But, licensing restrictions and a changing hobby forced Topps into modifying the original Archives concept.

As a result, I had a negative mindset going into this year's release. I knew nothing Topps could do would top Archives from back in the day.

However, a blaster of this year's product left me pleasantly surprised.

It actually wasn't all that bad.

Even though it's a far cry from the original Archives, this year's version had a lot going for it.

Sure, the big trademarks and the glossy-like finish of the base cards didn't really give off the "old-time" feel that I had intended.

But, as I've already admitted, I'm simply a sucker for anything that pays an homage to classic cardboard.

Plus, the "Deckle Edge" and "Cloth Sticker" inserts were among my favorites of the year.

And, although they were short-prints, the inclusion of names like Gamble and Kranepool in the checklist is a gigantic plus for me.

Nice job, Topps.

I hope to see Archives back again next year.

#4 -- Panini Triple Play

Before this year, I'd only heard vague references to Panini over the years.

Their releases were mostly confined to football and basketball. And I didn't much care for the few baseball-related Panini designs I'd seen.

Before this year, the word "panini" simply meant a delicious Italian sandwich to me.

As I speak here on December 30, 2012, though, a different thought pops into my head whenever I hear that word.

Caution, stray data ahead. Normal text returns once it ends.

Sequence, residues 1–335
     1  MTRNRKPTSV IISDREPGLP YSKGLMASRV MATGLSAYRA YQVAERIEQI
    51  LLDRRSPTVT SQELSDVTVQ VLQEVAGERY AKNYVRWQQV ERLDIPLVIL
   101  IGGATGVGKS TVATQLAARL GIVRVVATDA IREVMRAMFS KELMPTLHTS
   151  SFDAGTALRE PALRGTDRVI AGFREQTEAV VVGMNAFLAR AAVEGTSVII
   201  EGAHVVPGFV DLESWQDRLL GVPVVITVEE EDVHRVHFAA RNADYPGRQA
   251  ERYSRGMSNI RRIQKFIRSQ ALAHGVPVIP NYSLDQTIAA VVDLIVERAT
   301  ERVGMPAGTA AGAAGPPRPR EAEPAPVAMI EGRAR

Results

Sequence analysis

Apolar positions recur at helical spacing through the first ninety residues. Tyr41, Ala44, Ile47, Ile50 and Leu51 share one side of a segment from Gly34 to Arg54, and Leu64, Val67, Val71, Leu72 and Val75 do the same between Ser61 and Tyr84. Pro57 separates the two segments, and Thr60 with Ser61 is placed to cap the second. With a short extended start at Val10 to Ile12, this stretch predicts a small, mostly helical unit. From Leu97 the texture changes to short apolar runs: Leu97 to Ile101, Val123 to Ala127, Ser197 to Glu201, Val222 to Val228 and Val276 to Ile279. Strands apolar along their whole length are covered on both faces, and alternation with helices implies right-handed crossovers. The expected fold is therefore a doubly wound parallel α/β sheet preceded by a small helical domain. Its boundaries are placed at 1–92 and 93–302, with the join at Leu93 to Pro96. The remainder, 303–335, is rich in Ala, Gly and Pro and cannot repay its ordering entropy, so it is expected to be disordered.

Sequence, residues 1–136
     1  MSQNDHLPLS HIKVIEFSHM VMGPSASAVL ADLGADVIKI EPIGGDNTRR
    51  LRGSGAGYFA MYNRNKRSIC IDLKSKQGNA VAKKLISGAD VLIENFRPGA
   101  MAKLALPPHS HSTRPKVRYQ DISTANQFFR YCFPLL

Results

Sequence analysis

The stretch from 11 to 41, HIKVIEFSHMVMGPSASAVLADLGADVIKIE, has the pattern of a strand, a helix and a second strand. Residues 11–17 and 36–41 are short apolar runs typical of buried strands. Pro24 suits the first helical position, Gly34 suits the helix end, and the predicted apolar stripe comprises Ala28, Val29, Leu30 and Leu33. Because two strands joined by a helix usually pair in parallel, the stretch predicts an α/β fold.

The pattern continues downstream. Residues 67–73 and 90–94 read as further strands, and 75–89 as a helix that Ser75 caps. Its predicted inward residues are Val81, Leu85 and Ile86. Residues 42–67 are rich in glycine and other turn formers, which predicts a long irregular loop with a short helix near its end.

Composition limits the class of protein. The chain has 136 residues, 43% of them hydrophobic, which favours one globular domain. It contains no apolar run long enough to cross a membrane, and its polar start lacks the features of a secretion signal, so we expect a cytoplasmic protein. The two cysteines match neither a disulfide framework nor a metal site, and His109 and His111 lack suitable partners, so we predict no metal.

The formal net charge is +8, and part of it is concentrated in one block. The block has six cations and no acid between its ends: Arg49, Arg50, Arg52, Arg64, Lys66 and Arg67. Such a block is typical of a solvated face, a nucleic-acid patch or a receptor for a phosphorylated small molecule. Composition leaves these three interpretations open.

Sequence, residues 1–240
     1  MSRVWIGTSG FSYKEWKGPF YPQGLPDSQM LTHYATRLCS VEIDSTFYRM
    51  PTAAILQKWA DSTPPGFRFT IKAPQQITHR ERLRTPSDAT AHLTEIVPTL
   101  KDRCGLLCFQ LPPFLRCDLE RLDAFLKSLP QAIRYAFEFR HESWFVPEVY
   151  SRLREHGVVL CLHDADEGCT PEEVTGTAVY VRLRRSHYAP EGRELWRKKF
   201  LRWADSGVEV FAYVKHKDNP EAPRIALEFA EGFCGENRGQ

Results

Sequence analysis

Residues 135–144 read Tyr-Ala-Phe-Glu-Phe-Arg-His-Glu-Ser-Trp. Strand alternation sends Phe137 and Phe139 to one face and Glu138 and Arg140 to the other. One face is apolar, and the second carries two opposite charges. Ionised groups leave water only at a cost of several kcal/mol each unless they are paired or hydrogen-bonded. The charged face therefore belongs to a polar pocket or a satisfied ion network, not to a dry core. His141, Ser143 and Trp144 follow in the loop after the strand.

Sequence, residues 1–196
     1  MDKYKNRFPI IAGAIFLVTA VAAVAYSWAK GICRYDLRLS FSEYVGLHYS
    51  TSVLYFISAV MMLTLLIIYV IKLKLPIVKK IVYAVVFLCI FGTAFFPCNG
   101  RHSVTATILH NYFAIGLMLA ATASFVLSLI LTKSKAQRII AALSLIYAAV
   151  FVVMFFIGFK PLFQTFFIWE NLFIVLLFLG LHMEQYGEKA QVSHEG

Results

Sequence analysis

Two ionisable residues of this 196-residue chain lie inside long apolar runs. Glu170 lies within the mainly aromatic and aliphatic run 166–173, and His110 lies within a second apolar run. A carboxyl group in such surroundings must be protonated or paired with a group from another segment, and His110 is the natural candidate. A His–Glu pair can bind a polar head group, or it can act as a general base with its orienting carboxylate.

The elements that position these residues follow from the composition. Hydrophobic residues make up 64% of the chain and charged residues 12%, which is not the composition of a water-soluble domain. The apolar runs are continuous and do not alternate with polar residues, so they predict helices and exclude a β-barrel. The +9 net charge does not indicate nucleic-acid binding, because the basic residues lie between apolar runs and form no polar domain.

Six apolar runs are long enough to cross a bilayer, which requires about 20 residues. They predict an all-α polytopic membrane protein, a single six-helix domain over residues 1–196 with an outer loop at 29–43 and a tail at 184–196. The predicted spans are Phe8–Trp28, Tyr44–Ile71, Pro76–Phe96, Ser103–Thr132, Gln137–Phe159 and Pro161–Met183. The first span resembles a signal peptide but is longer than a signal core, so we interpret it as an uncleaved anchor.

"Baseball cards."

That dramatic shift in meaning came thanks to their Triple Play release back in August, a set that featured one of the greatest concepts in cardboard history.

I didn't always have that train of thought, though.

If I would've made this list right after I busted open my first Triple Play packs, I'd probably have ranked it at number 10.

I didn't like them at all. Given the wacky cartoonish images, I wasn't even sure if they were "binder-worthy".

However, after some deeper analysis and the passage of time, I came to see these in a whole new light.

I still see them as "quirky". But, these days, that's what I love most about Triple Play.

Plus, ninety-nine cents gets you a pack of seven of these things!

How cool is that?

Unsurprisingly, I never heard a peep about these on my trading forum. Thankfully, they got a bit of recognition around the blogosphere.

They've already started to gain "cult" status around the collecting world.

We'd never quite seen anything like them before.

And I'm not sure we'll ever see anything like them again.

#3 -- Topps Heritage

The last couple years of Heritage had been a bit of a disappointment for me.

Although I love anything vintage, I'm not the biggest fan of Topps' 1961 and '62 designs. They just aren't that high in my book.

As a result, I was pleased to see Heritage revert back to one of my all-time favorite designs.

1963 Topps.

I've always had a deep admiration for the colorful bars at the bottom. Not to mention the awesome dual-image design.

In that regard, Topps absolutely knocked it out of the park.

Although it may play a role in my ranking of other sets, the inserts in Heritage don't really factor into it all that much.

Topps has done a nice job of sticking with the same insert sets over the years, such as the "New Age Performers" and "Baseball Flashbacks" series.

Given that the focus of Heritage is (and should be) on the base cards, I've always liked that maneuver on Topps' part.

As a result, every pack of Heritage I opened in 2012 was an absolute blast.

#2 -- Panini Cooperstown

If you would've told me Panini would occupy two of the top four slots on this countdown back in January, I doubt I would've believed you.

I probably would've called you crazy, too.